This Chapter discusses the Fed's goal of achieving 2% inflation. Grant highlights the irony of the Fed's current focus on inflation, given that it previously struggled to achieve this target. He suggests that the Fed's actions have led to the American public getting what it wants, but not necessarily what it needs. He also raises the question of whether the Fed's policies are sustainable in the long term.

00:43:34
Recession and Treasury Bond Market

This Chapter explores the potential for a recession and its impact on the Treasury bond market. Grant acknowledges that the lag effect of higher interest rates could push the economy into a recession, potentially leading to a safety bid in the Treasury bond market. He suggests that while the long-term trend of rising interest rates may continue, a short-term period of lower yields is possible during a recession. He cites historical precedents, such as the 1946-1981 bond market, which saw 35 years of rising rates with periods of false dawns.

00:46:04
Safety Bid and Fed's Independence

This Chapter discusses the potential for a storm in the safe haven of Treasury bonds. Grant raises the possibility that the world might rally around Treasury bonds during a recession, but that there could be a storm in that port. He cites historical precedents, such as the 1931-1932 period, when Treasury bonds experienced a period of volatility due to concerns about the dollar and credit. He also highlights the concept of the Fed's independence, suggesting that its hypothetical insolvency could challenge this notion.

00:47:46
Alternative Safe Havens

This Chapter explores alternative safe havens for capital seeking safety. Grant suggests that gold is one potential destination, but he also acknowledges the possibility of other asset classes emerging as safe havens. He cites the example of corporate bonds, which could paradoxically tighten during a crisis, as investors seek the creditworthiness of companies like Apple. He emphasizes that favored asset classes and currencies can evolve over time, and that the United States' position as the world's reserve currency is not guaranteed.

00:50:44
Economic Growth and Asset Classes

This Chapter discusses the potential impact of higher interest rates on economic growth and asset classes. Grant acknowledges that it is difficult to predict the future of economic growth, but he suggests that liquidity is a valuable characteristic to bring to a portfolio in the current environment. He advises investors to consider fading consensus opinions, such as the compulsion to be fully invested, and to look for out-of-the-way equity situations, value stocks, and gold. He also emphasizes the importance of cash, as it provides a liquid position to profit from future opportunities.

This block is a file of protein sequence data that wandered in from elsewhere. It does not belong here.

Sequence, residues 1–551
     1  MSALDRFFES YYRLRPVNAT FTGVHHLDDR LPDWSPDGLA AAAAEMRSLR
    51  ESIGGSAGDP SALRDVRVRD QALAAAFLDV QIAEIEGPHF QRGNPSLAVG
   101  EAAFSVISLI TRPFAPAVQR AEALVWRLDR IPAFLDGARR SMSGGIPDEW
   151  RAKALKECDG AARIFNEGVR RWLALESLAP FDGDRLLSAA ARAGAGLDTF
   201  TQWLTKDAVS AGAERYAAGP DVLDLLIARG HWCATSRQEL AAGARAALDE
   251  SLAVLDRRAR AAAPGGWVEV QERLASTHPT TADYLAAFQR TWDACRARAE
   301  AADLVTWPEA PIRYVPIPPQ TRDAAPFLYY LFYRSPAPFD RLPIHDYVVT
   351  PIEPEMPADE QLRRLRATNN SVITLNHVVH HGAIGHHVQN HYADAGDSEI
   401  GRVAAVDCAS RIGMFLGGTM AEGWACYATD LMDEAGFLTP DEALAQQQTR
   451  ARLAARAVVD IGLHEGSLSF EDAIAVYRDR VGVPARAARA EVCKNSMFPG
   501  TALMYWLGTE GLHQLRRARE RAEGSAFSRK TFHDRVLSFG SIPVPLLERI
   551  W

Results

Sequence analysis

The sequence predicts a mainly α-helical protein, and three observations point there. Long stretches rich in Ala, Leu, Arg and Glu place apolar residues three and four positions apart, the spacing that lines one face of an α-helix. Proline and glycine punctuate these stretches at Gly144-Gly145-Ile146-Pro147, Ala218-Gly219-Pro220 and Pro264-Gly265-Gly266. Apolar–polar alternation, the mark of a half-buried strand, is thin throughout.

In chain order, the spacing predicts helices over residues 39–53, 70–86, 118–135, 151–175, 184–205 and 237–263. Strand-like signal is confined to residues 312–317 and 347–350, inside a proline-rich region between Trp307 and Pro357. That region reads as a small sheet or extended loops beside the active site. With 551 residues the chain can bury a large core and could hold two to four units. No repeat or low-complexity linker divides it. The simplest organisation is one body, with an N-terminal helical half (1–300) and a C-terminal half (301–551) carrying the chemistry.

00:55:04
Jobs Market and Recession

This Chapter examines the potential impact of higher interest rates on the jobs market and the likelihood of a recession. Grant acknowledges that the jobs market has been resilient, but he believes that a recession is inevitable. He suggests that the jobs market will eventually turn down, potentially leading to a decline in new jobs numbers and an increase in unemployment. He emphasizes the cyclical nature of the economy and the potential for rapid and frightening shifts in the labor market.

00:58:03
Investing Strategies in a Higher Rate Environment

This Chapter provides investment strategies for navigating a higher interest rate environment. Grant emphasizes the importance of liquidity and suggests that investors consider fading consensus opinions, such as the compulsion to be fully invested. He recommends looking for out-of-the-way equity situations, value stocks, and gold. He also highlights the importance of cash, as it provides a liquid position to profit from future opportunities. Grant advocates for an active approach to investing, as opposed to the passive approach that has become dominant in recent years.

01:06:50
New Harbor Financial's Perspective

This Chapter presents the perspective of Mike Preston, a financial advisor from New Harbor Financial, on the current market environment. Preston agrees with Jim Grant's long-term outlook on interest rates but anticipates a near-term drop in rates, potentially driven by an asset price crash and a Fed pivot. He believes that the 40-year declining interest rate environment has ended and that higher rates are here to stay, but that a short-term decline is likely. Preston also shares his bullish outlook on silver, highlighting its recent breakout and potential for further gains. He emphasizes the importance of risk management and suggests that investors consider holding liquidity, cash, treasury bills, and gold, while waiting for better opportunities.